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Social Housing Speed Read – Local Government Association issues guidance on the referral of homeless applicants to another local authority

On 5 August 2019, the Local Government Association (LGA) issued guidance on the procedure that should be followed by local authorities when referring a homeless applicant to another local authority. This discretionary power is provided to local authorities under part 7 of the Housing Act 1996 (HA 1996).

Under s.198 of the HA 1996, a local authority has discretion to refer a homeless applicant to another local housing authority provided that certain conditions are satisfied. The HA 1996 requires that the applicant, and any person who might reasonably be expected to reside with him, must not have a local connection with the district applied to. There must instead be a connection with the district of another local authority. An applicant has a local connection to a district if: they are, or were in the past, normally resident there and that was their own choice; they are employed there; they have family associations there or there are other special circumstances. In addition, there must be no risk of domestic violence in that other district. If all of the these conditions are met, a local authority may refer the applicant if it wishes.

The LGA recommends that a local authority, who considers that the above conditions may be met, should make enquiries in the other district as soon as possible to confirm the presence of a local connection. Any communication to the other local authority should be made promptly by telephone and confirmed in writing. A precedent notification form, to communicate with the other authority, can be found attached to the LGA guidelines. This should provide some assistance to local authorities and the LGA advise all authorities to make use of the form. Hopefully, this could lead to a standardisation of communication between authorities and allow referrals to be dealt with easier and more efficiently.

In addition to notifying the other local authority, the referring authority must also notify the applicant of its decision to refer and the reasons for this. The applicant must also be notified of the right to request a review of the decision. Once an applicant is notified of a referral, depending on whether the main duty or relief duty stage has been reached, the referring authority may have a duty to provide accommodation until the final decision has been made. The LGA repeat a previous recommendation by the local authority associations that an authority who accepts a referral should reimburse the referring authority for any expenses reasonably incurred in providing accommodation.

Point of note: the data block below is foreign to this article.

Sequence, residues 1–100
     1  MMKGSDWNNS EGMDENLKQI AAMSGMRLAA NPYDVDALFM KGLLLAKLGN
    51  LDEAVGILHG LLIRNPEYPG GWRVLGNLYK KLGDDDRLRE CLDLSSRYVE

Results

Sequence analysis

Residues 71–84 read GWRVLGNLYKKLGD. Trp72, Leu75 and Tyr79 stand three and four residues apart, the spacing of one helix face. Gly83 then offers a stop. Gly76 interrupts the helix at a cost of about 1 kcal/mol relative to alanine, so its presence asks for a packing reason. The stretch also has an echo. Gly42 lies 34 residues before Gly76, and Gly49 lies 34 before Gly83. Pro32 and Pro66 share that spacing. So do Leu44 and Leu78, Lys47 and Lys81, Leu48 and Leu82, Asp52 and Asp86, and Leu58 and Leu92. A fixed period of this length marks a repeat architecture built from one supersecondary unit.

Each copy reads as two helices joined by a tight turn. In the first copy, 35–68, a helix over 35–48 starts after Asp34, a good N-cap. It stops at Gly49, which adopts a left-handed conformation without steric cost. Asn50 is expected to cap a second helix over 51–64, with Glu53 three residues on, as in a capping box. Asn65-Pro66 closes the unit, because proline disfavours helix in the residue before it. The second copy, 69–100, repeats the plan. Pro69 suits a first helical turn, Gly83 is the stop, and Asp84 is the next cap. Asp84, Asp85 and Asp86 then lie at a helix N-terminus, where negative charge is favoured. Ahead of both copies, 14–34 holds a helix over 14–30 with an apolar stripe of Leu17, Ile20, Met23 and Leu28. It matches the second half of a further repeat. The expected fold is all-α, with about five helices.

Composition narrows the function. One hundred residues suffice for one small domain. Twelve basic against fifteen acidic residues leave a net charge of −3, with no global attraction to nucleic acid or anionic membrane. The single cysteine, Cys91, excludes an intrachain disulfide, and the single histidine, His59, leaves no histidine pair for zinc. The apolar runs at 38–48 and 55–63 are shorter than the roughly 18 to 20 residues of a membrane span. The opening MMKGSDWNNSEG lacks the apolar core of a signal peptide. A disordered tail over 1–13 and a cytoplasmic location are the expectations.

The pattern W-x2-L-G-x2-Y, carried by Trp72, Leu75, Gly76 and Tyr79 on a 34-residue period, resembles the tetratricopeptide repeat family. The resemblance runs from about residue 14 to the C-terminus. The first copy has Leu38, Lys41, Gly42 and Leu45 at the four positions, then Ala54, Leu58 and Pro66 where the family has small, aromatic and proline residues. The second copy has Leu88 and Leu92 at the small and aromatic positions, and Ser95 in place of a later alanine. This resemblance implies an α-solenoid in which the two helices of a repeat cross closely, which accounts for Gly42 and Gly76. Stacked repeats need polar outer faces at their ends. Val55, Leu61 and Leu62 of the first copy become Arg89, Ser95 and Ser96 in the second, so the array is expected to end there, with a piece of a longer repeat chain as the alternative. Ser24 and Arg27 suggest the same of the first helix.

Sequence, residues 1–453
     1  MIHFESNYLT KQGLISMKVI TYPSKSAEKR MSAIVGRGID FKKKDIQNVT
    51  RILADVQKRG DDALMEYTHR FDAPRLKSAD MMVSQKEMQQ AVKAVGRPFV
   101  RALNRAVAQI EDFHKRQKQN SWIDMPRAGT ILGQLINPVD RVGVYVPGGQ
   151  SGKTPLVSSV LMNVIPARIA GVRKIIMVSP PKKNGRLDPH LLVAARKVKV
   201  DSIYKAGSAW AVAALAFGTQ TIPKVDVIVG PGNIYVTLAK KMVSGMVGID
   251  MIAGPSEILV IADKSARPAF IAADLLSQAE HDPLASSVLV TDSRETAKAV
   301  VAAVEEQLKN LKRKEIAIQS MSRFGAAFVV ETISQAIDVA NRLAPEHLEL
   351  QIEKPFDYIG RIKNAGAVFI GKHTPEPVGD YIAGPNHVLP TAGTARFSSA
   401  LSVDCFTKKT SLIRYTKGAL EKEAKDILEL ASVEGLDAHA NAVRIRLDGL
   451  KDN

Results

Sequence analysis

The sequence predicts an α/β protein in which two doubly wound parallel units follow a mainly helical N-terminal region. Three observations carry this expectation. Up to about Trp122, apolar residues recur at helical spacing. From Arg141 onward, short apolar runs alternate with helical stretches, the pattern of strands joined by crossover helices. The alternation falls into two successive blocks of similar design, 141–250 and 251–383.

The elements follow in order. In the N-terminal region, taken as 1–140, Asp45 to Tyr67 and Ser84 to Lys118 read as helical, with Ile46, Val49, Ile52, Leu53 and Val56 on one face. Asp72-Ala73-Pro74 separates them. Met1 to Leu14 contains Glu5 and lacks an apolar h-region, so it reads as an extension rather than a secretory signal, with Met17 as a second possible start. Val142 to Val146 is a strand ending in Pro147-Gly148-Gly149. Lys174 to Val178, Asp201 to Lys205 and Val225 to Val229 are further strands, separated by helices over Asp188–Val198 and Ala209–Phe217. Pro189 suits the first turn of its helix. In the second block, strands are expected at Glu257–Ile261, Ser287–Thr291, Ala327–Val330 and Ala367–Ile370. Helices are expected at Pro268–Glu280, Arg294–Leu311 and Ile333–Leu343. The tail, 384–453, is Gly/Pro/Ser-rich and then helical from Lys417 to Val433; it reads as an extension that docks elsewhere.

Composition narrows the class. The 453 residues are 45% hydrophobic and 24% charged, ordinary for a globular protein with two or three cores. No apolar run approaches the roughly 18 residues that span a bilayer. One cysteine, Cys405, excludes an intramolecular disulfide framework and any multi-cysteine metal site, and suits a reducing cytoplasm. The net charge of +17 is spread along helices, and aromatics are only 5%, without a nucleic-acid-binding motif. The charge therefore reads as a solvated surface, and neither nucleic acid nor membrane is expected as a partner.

In relation to the local authority who receives the referral, the LGA recommend that a reply to the written notification should be sent within 10 days. If there is an unreasonable delay in this reply, the referring local authority may contact its local authority association who will intervene. A decision should then be made promptly and the LGA state that all authorities should nominate an officer who shall make such decisions.

If the authority receiving the referral believes that the necessary conditions have not been met, the guidance states that the authority should (within its reply that is mentioned above) set out its own view on the conditions. If the two authorities cannot come to an agreement, a referee must be appointed within 21 days. The LGA have created a panel of independent referees that can be utilised to resolve a disagreement and have also published  ‘Guidelines for invoking the disputes procedure’ which provide further information.

Ultimately, the LGA guidance provides local authorities with some assistance when they are navigating the procedure required to refer a homeless applicant to another local authority. The standard notification form that the LGA have provided could hopefully bring some uniformity to communications and their panel of referees may assist with any disputes between local authorities.

A copy of the LGA’s guidelines can be found here.

If you have any questions on the above and how it will affect social housing providers, or any other questions as a social housing provider, please do not hesitate to contact John Murray or a member of our expert Social Housing Team.

Please note that this briefing is designed to be informative, not advisory and represents our understanding of English law and practice as at the date indicated. We would always recommend that you should seek specific guidance on any particular legal issue.

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